ECOSS also signed on as a Community Partner and Exhibitor at the 2010 GoGreen Conference in Seattle, taking place Wednesday, April 21st. We couldn’t think of a more relevant conference for our members and supporters if we tried: the core focus of the conference is to motivate, inspire, and educate business owners to “go green” and become more sustainable. According to their founder Ericka Dickey, “As an action-oriented, non-typical conference, GoGreen ‘10 teaches tactical steps on how to “green” your business and provides actionable next steps to sustainability for business owners and decision makers. Attendees will learn from live success stories and participate in panel discussions geared to provide solid takeaways to make any size of business the most sustainable that it can be. The GoGreen Conference will feature over 45 business leader speakers and 12 different sessions on how to build sustainability into your business.”

Check out our Events page for more events, and we will keep you informed about where we will be and how we’re involved. We’re looking forward to sharing information about ECOSS events in 2010, too!


Last ECOSSolutions of 2009

Yesterday we hosted our third installment of ECOSSolutions, our free series of information sessions geared toward providing straight answers to common environmental questions. The topic for this session was the new Industrial Stormwater General Permit. Nathan Graves and Ross Dunning of Kennedy-Jenks Consulting gave a presentation on many of the technical and practical changes to the permit. I got the sense that Nathan and Ross were cutting through the complexities of the permit, translating the difficult wording into more understandable concepts. Honestly, most of it was still over my head, but Alex, one of ECOSS’ stormwater guys, and all of the business owners and managers in attendance were nodding their heads during the presentation, which makes me think the translation was making plenty of sense to them. Alex says that presentations like these are usually given at conferences with expensive admission fees, so the fact that Kennedy-Jenks provided this service through our free information series was significant. Turnout wasn’t as high as we had hoped, as a number of the RSVPs we got didn’t show up, but those who attended said they were glad they came and found the presentation very helpful.

This was the last ECOSSolutions session for this year, but based on the success of these first three meetings we plan to keep it going for next year. Thanks again to the City of Seattle’s Office of Economic Development for providing funding to make these sessions possible and free for attendees. Stay tuned for upcoming session announcements, and if you have a topic you’d like us to cover, send me an email any time at We’ll add your idea to our running list of topics for future meetings.


Mayor-elect McGinn to host 3 town halls

Below is information on three town halls Mayor-elect McGinn is hosting in neighborhoods to get feedback and thoughts from community members. Please use your networks and contacts to help connect the newly elected administration to the community.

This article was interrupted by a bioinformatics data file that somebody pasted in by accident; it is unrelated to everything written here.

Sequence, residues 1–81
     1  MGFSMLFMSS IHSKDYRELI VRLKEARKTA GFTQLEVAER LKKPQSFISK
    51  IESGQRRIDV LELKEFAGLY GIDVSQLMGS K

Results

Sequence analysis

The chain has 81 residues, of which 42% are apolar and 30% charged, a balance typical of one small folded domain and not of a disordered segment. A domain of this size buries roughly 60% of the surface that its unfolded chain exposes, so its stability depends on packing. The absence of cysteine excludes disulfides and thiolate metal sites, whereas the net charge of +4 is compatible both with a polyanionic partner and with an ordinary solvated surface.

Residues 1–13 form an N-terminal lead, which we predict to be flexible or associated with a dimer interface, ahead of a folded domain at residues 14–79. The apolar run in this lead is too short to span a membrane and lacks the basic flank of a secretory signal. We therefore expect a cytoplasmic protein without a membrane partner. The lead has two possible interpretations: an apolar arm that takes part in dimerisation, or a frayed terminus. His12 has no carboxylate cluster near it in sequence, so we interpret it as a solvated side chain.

Mayor-elect McGinn will be hosting three town halls during the transition. The town halls will continue the mayor-elects work to hear from community members and will be an opportunity for members of the public to share ideas with the mayor-elect.

WHEN: 7pm, Monday, November 30th
WHERE: 10510 5th AVE. NE

WHEN: 7pm, Tuesday, December 1st
WHERE: 104 17th AVE S

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WHEN: 7pm, Wednesday, December 2nd
WHERE: : 8815 Seward Park Ave. S.

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For more information, contact Tania Maria at

Taken from the South Park listserv.

Brownfields Redevelopment Conference – October 14th

October 14, Tacoma, WA (with a pre-conference Project Funding Workshop on Oct. 13)
Brownfields Redevelopment Conference. Presented by Northwest Environmental Business Council, U.S. EPA Region 10 Brownfields Team, and Washington Department of Ecology, this conference brings together the diverse parties that need to work in concert to transform contaminated properties into economic success stories – with an agenda that emphasizes the manner in which multiple disciplines need to be integrated into a project from start to finish. The theme of “Building Sustainable Communities” responds to the growing interest by communities to rethink development models in ways that reflect sustainability principles and reduce their carbon footprints. This creates a new context for developers and increases the importance of public/private partnerships. At the same time, the conference explores how these goals must align with the economic realities of the property development marketplace. For more information visit Sponsor and Exhibit opportunities are also available.

Free Self Defense Class in South Park

From the bulletin board at the South Park Neighborhood Center:

My name is Elizabeth and I am offering a free self defense class for the South Park community (all ages, men and women) on August 16th from 12-4pm at the Neighborhood Center (8201 10th Ave S).

The class will be very informal. Basically, I have a self defense book with excellent photos. I plan on demonstrating each move and then have everyone pair up and practice. After 20 minutes, I will demo the next move. It will take us two hours to go through the following moves:

1. Knee kick front/side

2. Stomp kick shin/instep

3. Elbow Strike forward/upward/side/back

4. Palm heel strike (with face scrape)

5. Hug defense

6. Rear defense

If there is interest and time we can also do ground defense, choke hold and wrist grab.

Will is one of our neighbors who has experience with self defense and he has offered to come and help demonstrate the moves, answer questions, and be an ‘attack dummy.’ He Describes himself as a 5’9” tall mean who is close to 400lbs and can be very intimidating when he wants to.

I will spend the first half hour of the class talking about using common sense to stay safe (trusting instincts, watching body language, yelling “NO!” etc), then 2 hours to practice moves, with potential additional half hour for those extra moves. The last hour of class will be open for people to practice whatever they want to, ask questions, and continue to discuss other personal empowerment techniques.

Please RSVP so we can get enough drinks – 940-6145